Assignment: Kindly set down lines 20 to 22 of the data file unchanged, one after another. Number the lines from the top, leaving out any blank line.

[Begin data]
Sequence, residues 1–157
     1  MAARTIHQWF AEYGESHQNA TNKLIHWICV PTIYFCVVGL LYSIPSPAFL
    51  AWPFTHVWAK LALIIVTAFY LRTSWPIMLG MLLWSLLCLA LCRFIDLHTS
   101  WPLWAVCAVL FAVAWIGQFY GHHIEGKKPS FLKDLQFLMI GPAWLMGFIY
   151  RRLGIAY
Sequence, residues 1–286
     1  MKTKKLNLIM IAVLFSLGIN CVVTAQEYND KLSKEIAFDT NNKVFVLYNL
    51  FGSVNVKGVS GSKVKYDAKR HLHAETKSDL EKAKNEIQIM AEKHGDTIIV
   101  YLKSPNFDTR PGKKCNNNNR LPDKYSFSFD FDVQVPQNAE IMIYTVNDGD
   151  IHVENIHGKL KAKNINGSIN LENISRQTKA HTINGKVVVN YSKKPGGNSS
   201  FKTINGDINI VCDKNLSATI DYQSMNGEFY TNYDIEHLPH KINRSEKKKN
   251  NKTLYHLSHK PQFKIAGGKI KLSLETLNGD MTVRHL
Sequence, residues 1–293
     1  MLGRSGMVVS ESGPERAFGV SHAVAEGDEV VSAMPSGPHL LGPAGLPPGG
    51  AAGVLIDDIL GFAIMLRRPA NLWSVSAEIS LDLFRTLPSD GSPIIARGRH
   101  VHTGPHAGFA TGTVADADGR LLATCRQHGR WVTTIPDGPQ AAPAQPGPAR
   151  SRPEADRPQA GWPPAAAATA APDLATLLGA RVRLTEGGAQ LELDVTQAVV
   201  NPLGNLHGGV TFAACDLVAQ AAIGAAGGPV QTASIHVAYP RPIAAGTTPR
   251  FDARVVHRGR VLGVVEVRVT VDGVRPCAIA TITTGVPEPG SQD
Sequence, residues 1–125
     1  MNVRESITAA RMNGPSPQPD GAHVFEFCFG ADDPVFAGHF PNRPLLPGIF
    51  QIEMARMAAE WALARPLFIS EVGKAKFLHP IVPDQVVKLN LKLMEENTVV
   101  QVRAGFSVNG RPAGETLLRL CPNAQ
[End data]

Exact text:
Sequence, residues 1–125
     1  MNVRESITAA RMNGPSPQPD GAHVFEFCFG ADDPVFAGHF PNRPLLPGIF
    51  QIEMARMAAE WALARPLFIS EVGKAKFLHP IVPDQVVKLN LKLMEENTVV